The best thing about vacation is that for a few days, or weeks, all of the troubles of everyday life seem to melt away. At least that’s what we want right? We want to be able to not worry about the things back home, because we just want to relax. We want to just enjoy not having responsibilities, or people needing something from us. But there can be those nagging thoughts in our minds about forgetting to do something. And we get these questions that can fill our mind, and we don’t relax the way we should. You know those thoughts: did I leave the iron on. Did I lock all the doors? Is there enough food for the animals? And the list and questions go on and on and on in our mind.
I don’t know about you, but that’s why when we leave for a vacation, or leave for over night trips, that we painstakingly prepare. We go through lists of what needs to be done. And we rack our minds to make sure everything that needs to be done is done. And when you’re fully prepared, the weight of worry seems to be lifted from your shoulders, and the trip does what it is supposed to do, relax you. And that feeling is wonderful.
But here’s the thing, that’s not how God necessarily works, and we’re going to see that today. So if you have your Bibles, we’re going to be in Mark chapter 6 starting in verse 7.
Now we’re coming to a stopping point in the book of Mark. All summer we have been working through Mark. In fact this is our 20th week. And now because Mark takes a bit of a break in it’s progression, it’s the perfect time for us to do it as well. Instead, starting the first Sunday of December, we will begin our walk towards Christmas. And then after that we’ll be jumping fully into the last aspect the vision that God has given us here at the Alliance Church. The life aspect.
But as we get into Mark chapter 6 verse 7, we’re coming to the end of the second phase of Jesus’ ministry. The first phase was Jesus teaching and showing who he was to the general public. The second phase was Jesus starting the preparation of his disciples to participate in his ministry. And that’s where we are, Jesus is about to send his twelve closest disciples off on their own for the first time. Jesus has taught them to be good soil, and they have seen what it means to be hard packed against God, what it means to be shallow in your faith, and what it means to be choked by the things of this world.
They have seen Jesus’ power in healing people, and how he has dealt with demons. They have seen that in order for them to grow in their faith, they have to take this next step of sharing. They have seen Jesus do small things, and enormous things.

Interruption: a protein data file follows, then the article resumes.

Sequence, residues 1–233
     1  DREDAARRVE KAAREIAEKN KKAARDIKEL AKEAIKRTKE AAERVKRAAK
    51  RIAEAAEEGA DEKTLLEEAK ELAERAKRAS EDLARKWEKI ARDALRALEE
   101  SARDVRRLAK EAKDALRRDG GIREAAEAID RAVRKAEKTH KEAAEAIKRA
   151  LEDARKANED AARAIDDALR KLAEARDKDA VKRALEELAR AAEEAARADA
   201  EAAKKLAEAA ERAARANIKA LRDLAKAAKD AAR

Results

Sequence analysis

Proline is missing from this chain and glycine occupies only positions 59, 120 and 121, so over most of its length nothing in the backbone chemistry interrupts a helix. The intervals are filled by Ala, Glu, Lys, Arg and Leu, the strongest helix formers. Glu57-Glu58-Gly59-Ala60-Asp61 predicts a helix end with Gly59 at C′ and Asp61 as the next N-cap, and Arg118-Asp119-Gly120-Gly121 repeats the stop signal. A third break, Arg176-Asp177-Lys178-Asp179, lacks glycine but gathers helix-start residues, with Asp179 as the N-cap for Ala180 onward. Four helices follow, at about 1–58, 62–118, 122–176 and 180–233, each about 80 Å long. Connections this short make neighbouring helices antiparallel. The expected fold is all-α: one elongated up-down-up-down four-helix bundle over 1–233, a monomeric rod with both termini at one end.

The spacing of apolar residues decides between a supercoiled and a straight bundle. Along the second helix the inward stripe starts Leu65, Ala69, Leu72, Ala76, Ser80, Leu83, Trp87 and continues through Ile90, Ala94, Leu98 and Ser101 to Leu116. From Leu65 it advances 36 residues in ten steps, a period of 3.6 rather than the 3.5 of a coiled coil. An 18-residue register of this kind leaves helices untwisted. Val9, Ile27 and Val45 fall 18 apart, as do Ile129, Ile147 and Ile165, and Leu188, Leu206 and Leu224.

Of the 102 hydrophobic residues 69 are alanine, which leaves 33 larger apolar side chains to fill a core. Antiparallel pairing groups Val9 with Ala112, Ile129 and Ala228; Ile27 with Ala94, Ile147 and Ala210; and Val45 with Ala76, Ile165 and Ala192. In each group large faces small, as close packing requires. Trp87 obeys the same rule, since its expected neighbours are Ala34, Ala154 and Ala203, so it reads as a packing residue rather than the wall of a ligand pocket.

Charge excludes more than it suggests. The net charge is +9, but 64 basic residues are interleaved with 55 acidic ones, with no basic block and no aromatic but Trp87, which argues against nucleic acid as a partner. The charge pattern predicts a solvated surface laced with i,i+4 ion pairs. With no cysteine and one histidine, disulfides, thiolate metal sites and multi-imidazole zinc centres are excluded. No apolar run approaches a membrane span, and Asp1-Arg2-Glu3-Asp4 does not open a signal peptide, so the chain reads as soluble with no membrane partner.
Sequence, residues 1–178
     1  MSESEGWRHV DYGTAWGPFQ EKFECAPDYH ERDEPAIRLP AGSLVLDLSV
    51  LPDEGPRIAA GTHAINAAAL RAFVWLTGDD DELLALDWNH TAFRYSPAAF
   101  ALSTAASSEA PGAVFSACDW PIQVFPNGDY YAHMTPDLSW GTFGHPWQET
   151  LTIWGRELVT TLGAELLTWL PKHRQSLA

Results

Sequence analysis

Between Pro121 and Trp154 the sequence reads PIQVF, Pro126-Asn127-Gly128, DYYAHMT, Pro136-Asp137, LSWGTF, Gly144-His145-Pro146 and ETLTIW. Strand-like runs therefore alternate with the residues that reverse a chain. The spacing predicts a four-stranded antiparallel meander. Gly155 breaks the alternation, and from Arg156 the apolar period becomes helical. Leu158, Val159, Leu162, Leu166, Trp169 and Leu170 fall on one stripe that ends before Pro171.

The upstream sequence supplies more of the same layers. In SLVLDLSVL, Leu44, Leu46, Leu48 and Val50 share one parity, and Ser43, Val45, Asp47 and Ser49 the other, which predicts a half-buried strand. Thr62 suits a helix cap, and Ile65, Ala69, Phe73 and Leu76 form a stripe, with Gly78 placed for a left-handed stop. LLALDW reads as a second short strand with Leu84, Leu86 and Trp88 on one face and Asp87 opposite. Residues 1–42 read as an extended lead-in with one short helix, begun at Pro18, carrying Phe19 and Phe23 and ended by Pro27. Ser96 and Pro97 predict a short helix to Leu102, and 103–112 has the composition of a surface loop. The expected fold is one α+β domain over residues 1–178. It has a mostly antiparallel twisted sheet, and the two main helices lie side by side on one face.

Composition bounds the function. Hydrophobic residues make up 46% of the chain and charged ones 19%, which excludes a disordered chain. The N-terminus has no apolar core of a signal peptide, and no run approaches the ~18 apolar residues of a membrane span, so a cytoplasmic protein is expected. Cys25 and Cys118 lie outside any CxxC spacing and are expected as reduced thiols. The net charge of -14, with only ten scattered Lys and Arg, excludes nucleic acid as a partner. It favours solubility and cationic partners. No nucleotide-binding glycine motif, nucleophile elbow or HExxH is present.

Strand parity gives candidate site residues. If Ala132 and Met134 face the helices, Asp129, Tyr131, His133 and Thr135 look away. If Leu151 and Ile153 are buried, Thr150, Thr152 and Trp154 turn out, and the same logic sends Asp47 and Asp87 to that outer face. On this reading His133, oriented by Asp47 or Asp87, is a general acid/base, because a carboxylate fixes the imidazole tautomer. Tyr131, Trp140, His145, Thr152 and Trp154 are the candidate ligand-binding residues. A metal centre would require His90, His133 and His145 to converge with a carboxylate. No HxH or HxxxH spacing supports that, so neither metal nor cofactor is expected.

Now they have to take everything that Jesus has taught them and put it into practice. No longer are they to be in the background, it’s time for them to do as Jesus does.
So let’s pick up with Jesus’ final command to them before he releases them to the work of the Kingdom.
Then Jesus went around teaching from village to village. 7 Calling the Twelve to him, he began to send them out two by two and gave them authority over impure spirits.
8 These were his instructions: “Take nothing for the journey except a staff—no bread, no bag, no money in your belts. 9 Wear sandals but not an extra shirt. 10 Whenever you enter a house, stay there until you leave that town. 11 And if any place will not welcome you or listen to you, leave that place and shake the dust off your feet as a testimony against them.”
12 They went out and preached that people should repent. 13 They drove out many demons and anointed many sick people with oil and healed them.
Now, because we’re not going to have our sermon discussion tonight, I want to break this passage down a little more than we normally would.
Let’s paint the picture of what’s going on. In the middle of Jesus’ teaching ministry, he calls the twelve closest disciples and pairs them off with each other. Who went with who, we don’t know and it really doesn’t matter. What matters is that they went two by two. But why doe Jesus do this? Well, Ecclesiastes 4:12 says, “Though one may be overpowered, two can defend themselves…” So Jesus sends them off two-by-two for protection and support. Simple as that.
The text goes on to say that Jesus, “gave them authority over impure spirits.” Jesus is extending his authority to this disciples. This same authority that caused the spirits to be in fear of Jesus, is now extended to his disciples in their work.
Next Jesus gives them pretty specific instructions. And if you want to see a more detailed account of these instructions, they can also be found in Matthew 10, and Luke 9. But these instructions are important because of the context of Mark. Now think about this, everything we are about to see here, all comes out of what Mark is trying to help us understand about Jesus. About how Jesus interacts with humanity and how we are to respond to God. We are to be good soil, we are to be sharers of God’s word, we are to be reliant on God to grow his word in people. All this is proceeding Jesus’ instructions here. If we fail to see the connecting tissue, we will not grasp the whole of where Jesus is coming from in his direction here.
Starting in verse 8 Jesus gives a list of things to bring and things not to bring on the disciple’s journey. Let’s list them and them analyze them. The first thing Jesus says is to bring a staff. These were usually a self-defense tool. Kind of like today, we carry knives, or conceal carry a firearm. The staff was to fight off bandits and help you hike over difficult ground. This staff goes back to the two by two, that we just talked about. The disciples were to protect each other on this journey.
But then Jesus lists three things not to bring. No bread, no bag, no money. So what do each of these mean? The bread, the bag, and money are all closely related. The bag was a traveler’s bag, which held provisions for trips. It’s where the bread was stored. If Jesus were to say, don’t bring bread, the disciples might have thought this was a fasting trip. But Jesus couples the bread with the traveler’s bag and with money. Meaning that Jesus wanted them to rely on God for their provision. They were going out with no food, the bread; no supplies, the bag; and no way to get these things on their own, the money. This wasn’t a fasting trip, but a faith trip. They had to rely on God for their provision.